ANGLIA POLYTECHNIC UNIVERSITY

ACADEMIC YEAR 2002/03 SEMESTER TWO

LANGUAGE AND THE ENGLISH ROMANTICS AEH 1013

ANASTASIA YANNAKOULI

TOPIC: “Romantic poetry is the poetry of individualistic expression.” Discuss with reference to three poets (Blake, Byron and Shelley) studied in the module.

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It was not until the twentieth century that there was analytical discussion of the abstraction ‘Romanticism’, as a recognised term for theories of art, of the imagination and of the language (Butler 1981:1). Especially, not until the 1860s did ‘the Romantics’ become an accepted collective name for Blake, Wordsworth, Coleridge, Scott, Byron, Shelley and Keats, and an agreement begin to emerge about what an English Romantic Poet was like (Butler 1981:1). In the Romantic period, (1785-1830) each poet had developed a personal way of expression through poetry. They were affected by the same political and national events of their age but each one reacted in a different way and this is depicted in the poetry of the Romantic period. To understand this better we have to analyse the beliefs of the poets and the reasons that made them develop a way of poetic expression that was different from the other poets of the same period. The first Romantic poet is William Blake (1757-1827) because it is said that Romanticism have begun with Blake’s Songs of Innocence in 1789, (Butler 1981:1). During his lifetime, Blake was unknown to the public but now he is consider as a main figure of the Romantic period. Blake was engaged in the creation of poems and the illustration of them with paintings, a technique he called “illuminated painting”. His masterpiece of “illuminated paintings” was the creation of the collection “The Songs of Innocence and Experience”. This collection is based in a phrase that Blake said: “without contraries there is no progression". For this reason each Song of Innocence has its opposite Song of Experience. The first part of the collection (Songs of Innocence) includes poems that can be easily read by children. It is a collection of nursery rhymes and songs for children that have a moral and didactic value. The tone of the poems is pastoral and Blake has used many sources from the bible. Blake was a very religious person since he was a child and he tries to explore the substance of God in his poetry through questions and symbols. However, the Songs of Innocence and Experience except children can also give pleasure to adults. They look simple but in fact they are complex and include a lot of metaphors and symbolisms. Furthermore, Blake’s poetry is dialogic, unlike descriptive and reflective, which invites the reader to identify the viewpoint enounced in the poem as that of the poet (Pirie 1994:131). For this reason Blake’s poetry can satisfy the adult readers as well as the children.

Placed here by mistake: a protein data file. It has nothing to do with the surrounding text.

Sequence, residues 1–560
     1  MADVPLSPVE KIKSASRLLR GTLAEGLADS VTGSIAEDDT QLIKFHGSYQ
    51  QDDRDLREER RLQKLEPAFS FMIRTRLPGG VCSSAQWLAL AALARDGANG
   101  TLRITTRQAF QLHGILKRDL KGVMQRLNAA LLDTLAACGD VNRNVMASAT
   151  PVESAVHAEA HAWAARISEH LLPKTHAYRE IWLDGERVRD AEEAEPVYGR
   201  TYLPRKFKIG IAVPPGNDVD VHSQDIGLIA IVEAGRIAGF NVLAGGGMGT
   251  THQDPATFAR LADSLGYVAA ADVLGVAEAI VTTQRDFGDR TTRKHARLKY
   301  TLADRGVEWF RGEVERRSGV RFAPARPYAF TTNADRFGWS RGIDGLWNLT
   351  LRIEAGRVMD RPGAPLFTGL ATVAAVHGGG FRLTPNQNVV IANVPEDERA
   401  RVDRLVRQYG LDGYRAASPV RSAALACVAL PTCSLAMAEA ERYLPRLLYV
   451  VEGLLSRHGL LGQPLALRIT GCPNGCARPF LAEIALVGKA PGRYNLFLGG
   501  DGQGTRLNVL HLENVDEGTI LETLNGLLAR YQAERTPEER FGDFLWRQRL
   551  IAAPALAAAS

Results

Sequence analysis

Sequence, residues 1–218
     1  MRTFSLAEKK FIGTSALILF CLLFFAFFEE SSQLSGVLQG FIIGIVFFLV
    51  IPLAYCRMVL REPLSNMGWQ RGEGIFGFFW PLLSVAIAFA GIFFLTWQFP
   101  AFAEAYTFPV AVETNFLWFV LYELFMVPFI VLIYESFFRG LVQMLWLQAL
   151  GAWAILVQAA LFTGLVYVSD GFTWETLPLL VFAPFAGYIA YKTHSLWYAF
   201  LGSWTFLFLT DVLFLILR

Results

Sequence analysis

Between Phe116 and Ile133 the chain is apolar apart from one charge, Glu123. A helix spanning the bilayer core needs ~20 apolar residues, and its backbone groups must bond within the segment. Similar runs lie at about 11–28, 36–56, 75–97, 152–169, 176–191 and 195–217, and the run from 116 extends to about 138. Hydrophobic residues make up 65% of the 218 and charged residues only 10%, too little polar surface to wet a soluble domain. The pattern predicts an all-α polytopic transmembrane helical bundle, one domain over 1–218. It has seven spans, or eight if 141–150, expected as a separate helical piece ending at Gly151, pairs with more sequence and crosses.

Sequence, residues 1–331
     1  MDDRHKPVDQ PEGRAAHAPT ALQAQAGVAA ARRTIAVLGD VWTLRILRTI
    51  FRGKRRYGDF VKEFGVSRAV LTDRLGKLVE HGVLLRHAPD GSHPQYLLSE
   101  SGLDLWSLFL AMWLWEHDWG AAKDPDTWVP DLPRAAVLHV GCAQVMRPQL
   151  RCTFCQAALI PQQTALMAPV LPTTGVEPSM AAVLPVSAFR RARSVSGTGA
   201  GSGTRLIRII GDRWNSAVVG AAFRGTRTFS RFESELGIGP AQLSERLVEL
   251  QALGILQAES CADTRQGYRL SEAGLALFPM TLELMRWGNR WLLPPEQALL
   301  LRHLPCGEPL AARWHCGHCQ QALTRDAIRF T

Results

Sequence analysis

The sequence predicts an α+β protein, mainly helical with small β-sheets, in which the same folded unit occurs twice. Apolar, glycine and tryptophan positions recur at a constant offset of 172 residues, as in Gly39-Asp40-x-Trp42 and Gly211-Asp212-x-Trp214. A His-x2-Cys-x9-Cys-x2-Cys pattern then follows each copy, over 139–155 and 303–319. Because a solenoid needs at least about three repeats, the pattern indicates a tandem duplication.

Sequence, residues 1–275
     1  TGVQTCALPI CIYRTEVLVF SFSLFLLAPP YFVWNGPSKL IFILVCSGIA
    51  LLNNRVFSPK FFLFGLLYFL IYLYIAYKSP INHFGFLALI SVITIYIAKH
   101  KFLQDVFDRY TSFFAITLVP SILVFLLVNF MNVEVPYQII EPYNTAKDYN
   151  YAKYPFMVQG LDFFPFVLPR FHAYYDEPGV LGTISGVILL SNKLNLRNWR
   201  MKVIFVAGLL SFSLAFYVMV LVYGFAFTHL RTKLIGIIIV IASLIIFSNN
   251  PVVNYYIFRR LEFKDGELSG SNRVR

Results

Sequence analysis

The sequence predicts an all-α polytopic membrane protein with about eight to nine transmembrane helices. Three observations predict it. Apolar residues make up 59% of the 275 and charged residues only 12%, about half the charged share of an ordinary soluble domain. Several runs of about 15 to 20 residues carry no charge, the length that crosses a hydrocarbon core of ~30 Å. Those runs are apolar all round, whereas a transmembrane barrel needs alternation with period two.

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Blake continued writing about God, Christianity and the ideas of good and evil in his poems The Book of Thel, Aurora and The Marriage of Heaven and Hell. He declared that all he knew was in the Bible and that the Old and New Testament are the Great Code of Art (Norton 2000:37). However, the idea of God was not his only concern. Blake was interested in the sexual and female liberation and he wrote about these subjects in his poem Visions. The poem Visions can be regarded as very modern and pleasant for the twentieth century readers because it contains scenes of lust and desire (Pirie 1994:134). Moreover as a Romantic poet he used many elements of nature, landscape and sublime in Visions, in order to make the poem more descriptive. Furthermore, he was interested in revolution and politics while he was an ardent supporter of the French Revolution (Norton 2000:37). From this period of his life he took the inspiration to create three poems, which were The French Revolution, America, Europe and the Marriage of Heaven and Hell. He wanted a change in the political and social life of England and he expressed himself through his poems. The second Romantic poet is George Gordon (1788-1824), who is formerly known as Lord Byron. As the French critic Hippolyte Taine said Lord Byron is the greatest and most English of all the Romantic poets (Norton 2000:551). Lord Byron was not only known in England but also in Europe and he was admired as a hero because he took part in many battles. His personal idol was Napoleon, who influenced him with his plan to create a totally new nation. Lord Byron devoted his entire life to find Byronic heroes and finally he became a hero himself as he died in Missolonghi while he was fighting the Turks. A Byronic Hero is a ruling personage; that is, the model that contemporaries invest with their admiration and sympathy (Norton 2000:552). The Byronic Hero is created in the poem Childe Harold and it is seen in a more developed form in Manfred and his masterpiece Don Juan. Byron’s poems improved by details of his travels throughout Europe and usually the protagonist of each poem was equated with Byron himself. He wrote his poems as he was travelling and he enriched them with many details of the landscape, the architecture, the wars and the lives of people in the countries he visited.